Not Mutually Exclusive

Women, in academe and otherwise, shouldn’t have to disavow their sexual selves in order to be treated with respect, writes Melissa Petro.

August 17, 2018
 
 

The last day of a 10-week memoir-writing workshop, Andy (a pseudonym) came in late, interrupting my lecture to hand me a gift-wrapped box and a card, which he insisted that I open. The stunt was typical Andy. Without getting too specific, this student had grown up in a religiously conservative community, which he’d left later in life, and so -- in his mid-60s -- he seemed to be going through a kind of second adolescence. Andy was exploring this in his writing, and he often deflected the trauma of the experience with humor that sometimes fell flat.

I expected a gag gift -- a whoopee cushion or fake poop, along with some dad joke written on a card. Instead, it was much worse: as I slid the card from the envelope, I immediately recognized the photograph. My collared shirt is unbuttoned to expose a hot-pink bra. I’m holding an apple, giving the camera a wry look.

While I’ve successfully established myself as a writer and writing instructor, I’m probably still best known for losing my career as an elementary school teacher in 2010 after it became a national news story that I was writing and sharing stories about my past as a sex worker. The provocative photo had accompanied one of many essays I’d written on the situation. In that essay, I was arguing -- as I argue again here -- that sexy and serious needn’t be mutually exclusive. The point of the piece was not to give men like Andy permission to confront me with my own sexuality, but rather the opposite: it was to say that women shouldn’t have to deny or disavow their sexual selves in order to be taken seriously and treated with respect.

Of course, this point and all my work is lost on an audience willfully determined to misinterpret it. My mind flurried to calculate what must have happened. At some point in the term, Andy must have googled me, read the exaggerated reports that I’d posed for Penthouse and hunted down a print copy of the publication. Then, presumably with me in mind, he’d looked through the magazine, found my essay and then cut and pasted the photo onto a piece of construction paper that he’d fashioned into a card.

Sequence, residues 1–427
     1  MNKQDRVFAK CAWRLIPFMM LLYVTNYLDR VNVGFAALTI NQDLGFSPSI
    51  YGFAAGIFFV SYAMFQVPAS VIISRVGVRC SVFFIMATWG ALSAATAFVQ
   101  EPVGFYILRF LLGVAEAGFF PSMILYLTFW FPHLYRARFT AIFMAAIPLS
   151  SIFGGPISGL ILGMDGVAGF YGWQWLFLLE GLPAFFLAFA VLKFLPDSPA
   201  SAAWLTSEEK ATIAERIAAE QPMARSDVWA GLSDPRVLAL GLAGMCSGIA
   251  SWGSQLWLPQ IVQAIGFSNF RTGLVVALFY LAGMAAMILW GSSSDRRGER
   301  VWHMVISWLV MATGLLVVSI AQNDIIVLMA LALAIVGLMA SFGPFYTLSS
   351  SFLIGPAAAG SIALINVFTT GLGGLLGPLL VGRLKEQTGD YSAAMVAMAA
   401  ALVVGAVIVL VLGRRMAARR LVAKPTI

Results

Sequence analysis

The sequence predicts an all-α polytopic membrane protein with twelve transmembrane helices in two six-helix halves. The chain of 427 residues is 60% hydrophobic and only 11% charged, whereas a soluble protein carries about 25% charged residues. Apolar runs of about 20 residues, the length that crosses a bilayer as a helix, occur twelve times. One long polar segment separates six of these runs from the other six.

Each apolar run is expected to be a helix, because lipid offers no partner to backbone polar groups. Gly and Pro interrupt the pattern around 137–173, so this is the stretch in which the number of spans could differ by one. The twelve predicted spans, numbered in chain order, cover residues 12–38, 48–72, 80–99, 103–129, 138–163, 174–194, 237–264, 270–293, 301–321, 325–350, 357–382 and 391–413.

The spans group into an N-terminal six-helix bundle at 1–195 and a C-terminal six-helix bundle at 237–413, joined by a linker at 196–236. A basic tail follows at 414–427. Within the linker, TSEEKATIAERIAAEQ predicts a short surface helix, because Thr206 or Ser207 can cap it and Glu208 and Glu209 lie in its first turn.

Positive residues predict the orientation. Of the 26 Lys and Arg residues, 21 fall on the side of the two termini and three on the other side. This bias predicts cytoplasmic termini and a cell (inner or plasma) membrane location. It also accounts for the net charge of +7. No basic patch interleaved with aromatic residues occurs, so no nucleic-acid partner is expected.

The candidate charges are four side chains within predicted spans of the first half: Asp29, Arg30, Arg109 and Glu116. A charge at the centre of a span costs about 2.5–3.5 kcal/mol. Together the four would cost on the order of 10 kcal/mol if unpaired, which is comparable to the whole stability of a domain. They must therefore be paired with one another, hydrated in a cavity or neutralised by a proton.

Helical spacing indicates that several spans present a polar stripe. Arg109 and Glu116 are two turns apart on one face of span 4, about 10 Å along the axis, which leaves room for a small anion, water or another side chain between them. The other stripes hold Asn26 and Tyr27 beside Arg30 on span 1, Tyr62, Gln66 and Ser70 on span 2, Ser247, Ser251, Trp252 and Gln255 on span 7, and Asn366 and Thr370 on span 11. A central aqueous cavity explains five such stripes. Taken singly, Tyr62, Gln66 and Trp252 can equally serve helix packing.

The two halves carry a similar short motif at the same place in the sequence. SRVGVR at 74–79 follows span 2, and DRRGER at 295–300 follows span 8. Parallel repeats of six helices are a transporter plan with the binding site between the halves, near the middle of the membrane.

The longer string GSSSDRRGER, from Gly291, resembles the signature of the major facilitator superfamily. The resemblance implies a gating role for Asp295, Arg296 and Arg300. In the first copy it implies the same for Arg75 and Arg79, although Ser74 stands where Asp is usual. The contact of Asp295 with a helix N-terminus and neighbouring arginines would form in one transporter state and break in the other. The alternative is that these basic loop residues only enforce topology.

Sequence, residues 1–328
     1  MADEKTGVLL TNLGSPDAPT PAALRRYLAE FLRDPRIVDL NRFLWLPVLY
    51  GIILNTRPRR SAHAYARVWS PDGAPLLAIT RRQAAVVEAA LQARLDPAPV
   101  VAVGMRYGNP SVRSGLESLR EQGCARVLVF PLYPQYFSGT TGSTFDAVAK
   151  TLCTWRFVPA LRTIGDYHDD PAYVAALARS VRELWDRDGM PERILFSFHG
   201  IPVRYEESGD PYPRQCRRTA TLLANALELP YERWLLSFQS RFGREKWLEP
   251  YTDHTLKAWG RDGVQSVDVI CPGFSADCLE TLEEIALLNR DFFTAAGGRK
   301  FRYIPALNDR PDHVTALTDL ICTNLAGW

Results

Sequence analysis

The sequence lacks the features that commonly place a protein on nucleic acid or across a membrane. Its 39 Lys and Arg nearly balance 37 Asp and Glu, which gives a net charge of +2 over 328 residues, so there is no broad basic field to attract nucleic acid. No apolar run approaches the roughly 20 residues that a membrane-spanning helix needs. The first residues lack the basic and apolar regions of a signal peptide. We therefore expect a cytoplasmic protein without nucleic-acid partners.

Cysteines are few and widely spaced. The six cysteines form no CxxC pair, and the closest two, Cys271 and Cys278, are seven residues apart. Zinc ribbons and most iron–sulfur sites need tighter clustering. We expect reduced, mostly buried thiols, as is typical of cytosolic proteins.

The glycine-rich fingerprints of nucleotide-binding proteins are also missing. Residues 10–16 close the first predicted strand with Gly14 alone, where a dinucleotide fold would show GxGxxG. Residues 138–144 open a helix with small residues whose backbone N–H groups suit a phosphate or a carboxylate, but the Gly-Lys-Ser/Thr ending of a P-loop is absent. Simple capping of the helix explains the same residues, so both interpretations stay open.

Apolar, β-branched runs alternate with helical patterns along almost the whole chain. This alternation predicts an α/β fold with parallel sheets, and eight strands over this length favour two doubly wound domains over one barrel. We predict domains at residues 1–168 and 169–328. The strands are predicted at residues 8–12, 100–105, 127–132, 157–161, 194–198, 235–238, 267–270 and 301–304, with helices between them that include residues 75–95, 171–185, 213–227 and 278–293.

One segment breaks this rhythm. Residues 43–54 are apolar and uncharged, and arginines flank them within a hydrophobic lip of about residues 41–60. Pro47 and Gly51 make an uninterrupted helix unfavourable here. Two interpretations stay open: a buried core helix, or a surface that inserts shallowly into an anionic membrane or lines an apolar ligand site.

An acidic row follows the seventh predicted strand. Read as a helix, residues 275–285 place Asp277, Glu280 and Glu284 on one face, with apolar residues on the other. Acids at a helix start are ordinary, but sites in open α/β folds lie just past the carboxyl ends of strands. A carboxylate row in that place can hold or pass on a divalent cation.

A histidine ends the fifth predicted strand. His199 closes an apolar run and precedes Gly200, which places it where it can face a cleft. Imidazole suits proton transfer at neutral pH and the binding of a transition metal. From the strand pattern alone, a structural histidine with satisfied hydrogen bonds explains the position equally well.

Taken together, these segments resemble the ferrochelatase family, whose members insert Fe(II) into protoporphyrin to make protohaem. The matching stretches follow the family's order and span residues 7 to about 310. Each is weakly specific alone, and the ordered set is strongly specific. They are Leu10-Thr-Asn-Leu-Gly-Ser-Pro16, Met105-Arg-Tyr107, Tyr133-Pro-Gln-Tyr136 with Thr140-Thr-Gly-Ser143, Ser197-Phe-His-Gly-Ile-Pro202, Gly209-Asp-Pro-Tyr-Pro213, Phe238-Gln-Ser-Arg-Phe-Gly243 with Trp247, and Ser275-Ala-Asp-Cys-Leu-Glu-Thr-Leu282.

Standing in front of my students, I tried to register as little a reaction as possible. I avoided looking at Andy’s face. In the corner of my eye, I could see he was grinning, as if we shared an inside joke. Clearly Andy didn’t know that he’d offended me. I struggled with my reaction. I could either share in a moment of forced intimacy or else the joke was on me.

Given my provocative history and the content of much of my writing, some people might dismiss the situation with a version of “she was asking for it.” And yet, the Me Too movement is demanding our society develop a more sensitive and sympathetic view of people’s experiences of sexual harassment and sexual assault. We’re beginning to collectively accept the fact no one solicits sexual harassment, and it occurs too often, statistically, to victim blame. According to a report conducted by a nonprofit called Stop Street Harassment, 81 percent of women have experienced some form of sexual harassment in their lifetime, including a considerable number of women at work.

When we think of sexual harassment in academe, we typically think of male professors preying on female learners, and while that occurs with alarming frequency (to 30 percent of college women, according to the survey), it also happens that women instructors can feel sexualized by our superiors, colleagues and even our students. Until recently, the latter was considered so innocuous that ratemyprofessors.com -- a website that allows college students to publicly review their teachers -- invited students to rate how “hot” they were. The website dropped its “hotness” rating after BethAnn McLaughlin, an assistant professor of neurology at Vanderbilt University, tweeted a complaint about the long-standing feature. “Dear @ratemyprofessor,” McLaughlin wrote. “Life is hard enough for female professors. Your ‘chili pepper’ rating of our ‘hotness’ is obnoxious and utterly irrelevant to our teaching. Please remove it because #TimesUP and you need to do better.”